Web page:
Marijuana Users May Need More Sedation For Medical Procedures

(CNN) — People who regularly use cannabis may need two times the level of sedation required by nonusers when undergoing medical procedures, a small-scale study finds. Fentanyl, midazolam and propofol, three sedation drugs commonly used during endoscopic procedures, were compared in the research. With “continued increase in legalization and use of cannabis, the field of anesthesia and sedation needs further studies with greater depth,” wrote the authors of the study, published Monday in The Journal of the American Osteopathic Association. Wider use follows legalization Marijuana has gained popularity around the globe in recent years due, in part, to changing laws. Between 2007 and 2015, use of marijuana increased 43% in the United States, where an estimated 13.5% of adults use cannabis, according to a United Nations report. Meanwhile, cannabis use around the world was estimated to include 183 million people, or nearly 4% of the adult population, in 2015. How does increasing cannabis use affect medical care? Researchers at Community Hospital in Grand Junction, Colorado, explored one small area of medical care: sedation. They examined the medical records of 250 patients who received endoscopic procedures between January 1, 2016, and December 31, 2017 — years after the state legalized recreational marijuana in 2012. Comparing cannabis users to nonusers, they found that patients who reported smoking or using edibles on a daily or weekly basis required 14% m...
Source: WBZ-TV - Breaking News, Weather and Sports for Boston, Worcester and New Hampshire - Category: Consumer Health News Authors: Tags: Health News CNN Marijuana Source Type: news

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Propofol provides a prominent sedation effect in colonoscopy. However, anesthesia and sedation induced with propofol in the elderly might result in cardiopulmonary complications, especially when it is combined...
Source: BMC Anesthesiology - Category: Anesthesiology Authors: Tags: Research article Source Type: research
Basavana Goudra, Preet Mohinder SinghSaudi Journal of Anaesthesia 2020 14(3):349-354 Providing sedation to patients undergoing gastrointestinal (GI) endoscopy is a controversial and emotive issue. The mainstay of sedation is propofol, whose administration is within the sole jurisdiction of anesthesia providers, at least in the USA. Attempts have been made to seize the authority by the GI community. One of the first attempts was the use of the prodrug of propofol –fospropofol. However, as the drug has a similar adverse effect profile as propofol in terms of respiratory depression, the FDA did not approve its use by p...
Source: Saudi Journal of Anaesthesia - Category: Anesthesiology Authors: Source Type: research
ConclusionsFC combined with US and digital rectal examination is a good and promising non-invasive screening test for detecting colorectal polyps in children with isolated and sporadic rectal bleeding.
Source: Italian Journal of Pediatrics - Category: Pediatrics Source Type: research
Conditions:   Moderate Sedation;   Colonoscopy Interventions:   Drug: flumazenil;   Drug: Placebos Sponsor:   National Taiwan University Hospital Recruiting
Source: ClinicalTrials.gov - Category: Research Source Type: clinical trials
The mounting pressure on the Australian healthcare system is driving a continual exploration of areas to improve patient care and access and to maximize utilization of our workforce. We hypothesized that there...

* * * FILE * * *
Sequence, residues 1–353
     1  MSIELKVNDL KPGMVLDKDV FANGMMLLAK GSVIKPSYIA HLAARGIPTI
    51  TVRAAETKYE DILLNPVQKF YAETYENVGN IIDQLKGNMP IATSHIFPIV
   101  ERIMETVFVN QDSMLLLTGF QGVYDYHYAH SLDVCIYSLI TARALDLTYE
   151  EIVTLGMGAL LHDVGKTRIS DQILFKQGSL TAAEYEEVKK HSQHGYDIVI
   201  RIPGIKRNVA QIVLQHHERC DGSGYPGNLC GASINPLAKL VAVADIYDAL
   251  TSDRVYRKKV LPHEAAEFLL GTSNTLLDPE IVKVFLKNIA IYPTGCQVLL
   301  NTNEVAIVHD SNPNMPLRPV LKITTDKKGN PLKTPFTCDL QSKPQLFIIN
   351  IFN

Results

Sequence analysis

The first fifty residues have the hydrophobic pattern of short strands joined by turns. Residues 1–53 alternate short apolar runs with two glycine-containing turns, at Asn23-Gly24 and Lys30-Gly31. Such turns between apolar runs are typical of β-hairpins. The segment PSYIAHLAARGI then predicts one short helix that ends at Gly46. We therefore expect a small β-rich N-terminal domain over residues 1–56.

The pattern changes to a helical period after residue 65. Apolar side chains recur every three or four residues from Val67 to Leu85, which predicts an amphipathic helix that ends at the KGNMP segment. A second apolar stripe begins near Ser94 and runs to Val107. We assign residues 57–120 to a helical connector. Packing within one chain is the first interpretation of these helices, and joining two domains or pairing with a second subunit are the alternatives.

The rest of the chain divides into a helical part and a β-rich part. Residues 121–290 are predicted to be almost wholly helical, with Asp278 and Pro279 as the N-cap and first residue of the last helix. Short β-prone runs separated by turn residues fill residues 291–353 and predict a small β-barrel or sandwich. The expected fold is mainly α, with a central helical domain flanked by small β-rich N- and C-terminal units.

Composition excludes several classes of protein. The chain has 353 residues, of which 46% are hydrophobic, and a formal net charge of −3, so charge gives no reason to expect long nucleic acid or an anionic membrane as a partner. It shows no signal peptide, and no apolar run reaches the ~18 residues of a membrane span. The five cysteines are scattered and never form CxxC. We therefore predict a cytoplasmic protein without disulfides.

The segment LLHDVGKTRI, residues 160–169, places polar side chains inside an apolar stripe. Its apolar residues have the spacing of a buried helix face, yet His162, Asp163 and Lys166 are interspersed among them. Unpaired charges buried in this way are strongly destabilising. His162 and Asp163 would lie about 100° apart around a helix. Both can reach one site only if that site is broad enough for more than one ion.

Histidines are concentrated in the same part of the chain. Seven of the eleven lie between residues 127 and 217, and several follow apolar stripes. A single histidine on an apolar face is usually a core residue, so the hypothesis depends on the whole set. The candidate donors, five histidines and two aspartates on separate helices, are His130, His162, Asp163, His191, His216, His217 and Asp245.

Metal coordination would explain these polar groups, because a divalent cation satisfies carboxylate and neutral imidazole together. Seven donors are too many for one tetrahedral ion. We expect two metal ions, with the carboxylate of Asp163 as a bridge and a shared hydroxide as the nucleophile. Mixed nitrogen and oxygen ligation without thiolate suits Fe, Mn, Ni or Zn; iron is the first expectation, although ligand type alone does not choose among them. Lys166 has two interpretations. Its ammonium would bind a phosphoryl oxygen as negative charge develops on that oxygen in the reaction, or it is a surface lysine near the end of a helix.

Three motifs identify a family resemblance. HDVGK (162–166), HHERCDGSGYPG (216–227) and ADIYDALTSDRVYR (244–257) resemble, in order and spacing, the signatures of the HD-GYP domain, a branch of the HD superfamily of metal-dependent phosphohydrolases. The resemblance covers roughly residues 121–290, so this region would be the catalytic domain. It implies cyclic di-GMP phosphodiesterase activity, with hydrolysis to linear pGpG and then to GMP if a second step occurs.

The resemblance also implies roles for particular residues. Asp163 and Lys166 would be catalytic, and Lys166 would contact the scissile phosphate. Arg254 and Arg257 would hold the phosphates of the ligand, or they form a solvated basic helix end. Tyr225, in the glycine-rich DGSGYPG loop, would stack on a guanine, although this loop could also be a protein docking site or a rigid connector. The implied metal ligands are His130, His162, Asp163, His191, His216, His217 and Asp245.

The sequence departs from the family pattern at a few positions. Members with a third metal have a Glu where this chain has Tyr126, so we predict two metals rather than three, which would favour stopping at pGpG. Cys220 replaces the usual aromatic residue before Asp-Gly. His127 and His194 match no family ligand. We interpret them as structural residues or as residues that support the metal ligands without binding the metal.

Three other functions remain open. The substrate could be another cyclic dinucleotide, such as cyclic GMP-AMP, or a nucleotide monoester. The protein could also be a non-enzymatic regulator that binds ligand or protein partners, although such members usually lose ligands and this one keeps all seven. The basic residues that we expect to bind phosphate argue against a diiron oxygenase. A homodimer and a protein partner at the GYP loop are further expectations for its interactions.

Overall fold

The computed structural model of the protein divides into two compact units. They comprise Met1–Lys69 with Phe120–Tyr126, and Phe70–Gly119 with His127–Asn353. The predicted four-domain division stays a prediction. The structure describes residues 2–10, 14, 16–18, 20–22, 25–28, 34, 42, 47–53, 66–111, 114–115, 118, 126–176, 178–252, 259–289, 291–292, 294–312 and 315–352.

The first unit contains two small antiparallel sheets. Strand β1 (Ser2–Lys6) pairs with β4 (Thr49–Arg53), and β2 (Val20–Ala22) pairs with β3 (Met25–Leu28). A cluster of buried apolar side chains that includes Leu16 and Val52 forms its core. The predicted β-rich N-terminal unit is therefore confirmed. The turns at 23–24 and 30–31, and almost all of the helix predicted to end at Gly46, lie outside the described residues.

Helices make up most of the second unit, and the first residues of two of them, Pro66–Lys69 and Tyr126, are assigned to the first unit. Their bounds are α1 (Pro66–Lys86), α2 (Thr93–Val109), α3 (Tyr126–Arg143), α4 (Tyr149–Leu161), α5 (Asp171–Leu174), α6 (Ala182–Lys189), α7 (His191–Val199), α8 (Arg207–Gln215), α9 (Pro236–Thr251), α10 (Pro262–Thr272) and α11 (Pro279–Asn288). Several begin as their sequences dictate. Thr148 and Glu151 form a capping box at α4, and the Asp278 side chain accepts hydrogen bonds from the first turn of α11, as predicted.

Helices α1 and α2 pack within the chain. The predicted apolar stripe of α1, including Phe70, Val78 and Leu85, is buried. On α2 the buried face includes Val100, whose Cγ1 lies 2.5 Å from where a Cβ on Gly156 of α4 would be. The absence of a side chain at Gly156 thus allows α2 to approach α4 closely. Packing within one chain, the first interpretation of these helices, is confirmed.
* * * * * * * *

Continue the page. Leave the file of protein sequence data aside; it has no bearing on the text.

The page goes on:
Source: Human Resources for Health - Category: Health Management Authors: Tags: Research Source Type: research
CONCLUSIONS: The addition of midazolam 0.04 mg·kg as adjunct to propofol and opiate sedation for elective colonoscopy did not show evidence of any significant differences in recovery in the cognitive domain of the PostopQRS, overall quality of recovery as measured by the PostopQRS, or emergence and hospital discharge times. The use of midazolam should be determined by the anesthesiologist. PMID: 31922999 [PubMed - as supplied by publisher]
Source: Anesthesia and Analgesia - Category: Anesthesiology Authors: Tags: Anesth Analg Source Type: research
AbstractProviding sedation for patients undergoing gastrointestinal (GI) endoscopy continues to be a debated topic in both anesthesia and gastroenterology circles. Sedation approaches are widely varied across the globe. While propofol administration is embraced by more endoscopists and patients, its administration evolves controversy. Whereas trained nurses and gastroenterologists are allowed to administer propofol for GI endoscopy sedation in Europe and Asia, it is the sole privilege of anesthesia providers in the USA. However, the costs of anesthesia providers are significant and threaten to derail the screening colonosc...
Source: Digestive Diseases and Sciences - Category: Gastroenterology Source Type: research
Authors: Arican Ş, Dertli R, Dağli Ç, Hacibeyoğlu G, Koyuncu M, Topal A, Tuncer Uzun S, Asil M Abstract Background/aim; Ultrasonographic measurements of inferior vena cava (IVC) diameters and right ventricle (RV) volumes are important tools for the evaluation of intravascular volume. Current study investigates the association of IVC diameters and RV volumes before colonoscopy in prediction of post-anesthesia hypotension. Materials and methods; Seventy patients scheduled for colonoscopy were included in the study. Preoperatively, expirium (dIVC max) and inspirium (dIVC min) IVC diameters were measured usin...
Source: Turkish Journal of Medical Sciences - Category: General Medicine Tags: Turk J Med Sci Source Type: research
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